Earlier during the day, I was in a conference related to Information Technologies. Speaker after speaker went on to belabour the need for adopting new tools and techniques, getting prepared for disruption in people’s behaviour with the advent of new technologies. Above all, they were outlining the impact of those ‘disruptive’ technologies and narrating a story each, some call it ‘use case’, idealising such scenario with a high-intensity plot.
They were not out of context. They were not speaking something irrelevant. Even they were not envisioning something that may not happen tomorrow. They were right.
Disruption happens for all of us. It happens at all stages of life. Technologies we acquire and the techniques we master come handy at the time of disruption. No technology or tool will be of any use for us if we are not aware of its relevance, if we do not break free of convention for solving problems.
This situation reminds me of an old story.
Once upon a time, a mighty king was marching with his guards and slaves through a deep jungle. He lost his entire team when a group of robbers attacked his convoy, but he could escape unhurt. After wandering for quite a while in the wild, he felt tired and hungry. Then he could see a small hut nearby.
He moved straight inside.
A Rishi, looking like a frail figure, had sat in deep meditation unaware of the new guest. The king shouted to draw Rishi’s attention. After all, he was the king of the land; and his simple presence could compel many men and women to fall over one another for serving him.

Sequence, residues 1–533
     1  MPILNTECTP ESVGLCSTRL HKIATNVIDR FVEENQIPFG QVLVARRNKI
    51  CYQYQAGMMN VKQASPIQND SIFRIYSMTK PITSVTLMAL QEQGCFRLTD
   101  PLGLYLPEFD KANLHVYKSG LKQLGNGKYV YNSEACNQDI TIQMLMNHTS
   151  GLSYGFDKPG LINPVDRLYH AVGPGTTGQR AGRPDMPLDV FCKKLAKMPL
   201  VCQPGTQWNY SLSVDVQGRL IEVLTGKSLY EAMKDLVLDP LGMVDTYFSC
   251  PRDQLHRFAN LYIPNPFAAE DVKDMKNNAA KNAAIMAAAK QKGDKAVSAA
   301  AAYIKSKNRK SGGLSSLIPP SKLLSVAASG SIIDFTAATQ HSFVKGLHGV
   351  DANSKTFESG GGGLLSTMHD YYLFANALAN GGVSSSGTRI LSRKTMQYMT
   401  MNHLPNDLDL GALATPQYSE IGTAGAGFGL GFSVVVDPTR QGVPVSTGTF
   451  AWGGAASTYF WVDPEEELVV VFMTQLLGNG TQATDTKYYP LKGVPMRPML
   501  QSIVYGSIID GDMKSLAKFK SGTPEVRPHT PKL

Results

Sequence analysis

Rishi opened his eyes, and seeing the king in front, requested him to be seated and to accept a brief hospitality. Then he went to get some fresh water from a fountain nearby and to fetch a bunch of sweet fruits for the guest.
In a short while, he returned with water and fruits to see something that is both intriguing and shocking.
A cobra had entered the hut, and the king had climbed the raised platform meant for meditation. Rishi advised the king to remain calm, and waited for a while.
In a few minutes, the snake lost aggression and slithered away into the bush outside.
The king was angry and demanded why Rishi did not kill the snake. The reptile had the audacity to confront the king of the land!
Rishi replied, “Oh King! I see this snake everyday, and it never attacked me nor disrupted my lifestyle. Today it did differently. But then I dealt with the situation without any action from my side – without disrupting its lifestyle.”
Continuing with his explanation, Rishi said, “Of course, I should not expect the same reaction from you. But you had your sword with you. You had the tool. You knew the tricks of weaponry. In fact, you are a great warrior as I have heard from people who pass by my hut. But you did not use the tool or the techniques you possessed, and rather relied on your convention of waiting for people to do things for you.”
Did the king understand his folly? I don’t know. What happened next? I am not sure. But I know that disruption can occur anytime, and you know it too. And we must be aware of using the tools and techniques that we have at our disposal at the moment to deal with it. We need to think differently and do differently, breaking away from the established convention, while dealing with disruptions – certainly not referring to the activities inside Indian Parliament.